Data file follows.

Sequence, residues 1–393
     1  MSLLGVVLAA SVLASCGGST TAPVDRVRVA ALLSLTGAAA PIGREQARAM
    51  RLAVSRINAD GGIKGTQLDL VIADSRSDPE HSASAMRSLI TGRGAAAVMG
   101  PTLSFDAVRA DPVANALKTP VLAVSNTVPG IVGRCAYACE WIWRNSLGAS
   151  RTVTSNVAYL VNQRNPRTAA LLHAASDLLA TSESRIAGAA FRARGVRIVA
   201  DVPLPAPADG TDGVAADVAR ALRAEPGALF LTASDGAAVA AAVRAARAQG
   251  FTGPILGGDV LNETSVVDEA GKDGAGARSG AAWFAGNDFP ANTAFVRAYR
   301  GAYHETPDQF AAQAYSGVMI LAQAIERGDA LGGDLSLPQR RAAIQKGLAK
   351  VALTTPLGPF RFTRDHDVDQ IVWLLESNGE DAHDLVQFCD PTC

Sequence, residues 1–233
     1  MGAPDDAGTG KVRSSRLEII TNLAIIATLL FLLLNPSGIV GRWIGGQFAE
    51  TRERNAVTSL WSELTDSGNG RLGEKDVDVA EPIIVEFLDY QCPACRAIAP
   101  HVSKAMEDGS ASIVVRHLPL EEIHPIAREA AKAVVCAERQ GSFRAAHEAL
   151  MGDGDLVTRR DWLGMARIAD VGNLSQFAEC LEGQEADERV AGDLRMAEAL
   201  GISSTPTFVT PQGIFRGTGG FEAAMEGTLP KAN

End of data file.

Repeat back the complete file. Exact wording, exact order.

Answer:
Sequence, residues 1–393
     1  MSLLGVVLAA SVLASCGGST TAPVDRVRVA ALLSLTGAAA PIGREQARAM
    51  RLAVSRINAD GGIKGTQLDL VIADSRSDPE HSASAMRSLI TGRGAAAVMG
   101  PTLSFDAVRA DPVANALKTP VLAVSNTVPG IVGRCAYACE WIWRNSLGAS
   151  RTVTSNVAYL VNQRNPRTAA LLHAASDLLA TSESRIAGAA FRARGVRIVA
   201  DVPLPAPADG TDGVAADVAR ALRAEPGALF LTASDGAAVA AAVRAARAQG
   251  FTGPILGGDV LNETSVVDEA GKDGAGARSG AAWFAGNDFP ANTAFVRAYR
   301  GAYHETPDQF AAQAYSGVMI LAQAIERGDA LGGDLSLPQR RAAIQKGLAK
   351  VALTTPLGPF RFTRDHDVDQ IVWLLESNGE DAHDLVQFCD PTC

Sequence, residues 1–233
     1  MGAPDDAGTG KVRSSRLEII TNLAIIATLL FLLLNPSGIV GRWIGGQFAE
    51  TRERNAVTSL WSELTDSGNG RLGEKDVDVA EPIIVEFLDY QCPACRAIAP
   101  HVSKAMEDGS ASIVVRHLPL EEIHPIAREA AKAVVCAERQ GSFRAAHEAL
   151  MGDGDLVTRR DWLGMARIAD VGNLSQFAEC LEGQEADERV AGDLRMAEAL
   201  GISSTPTFVT PQGIFRGTGG FEAAMEGTLP KAN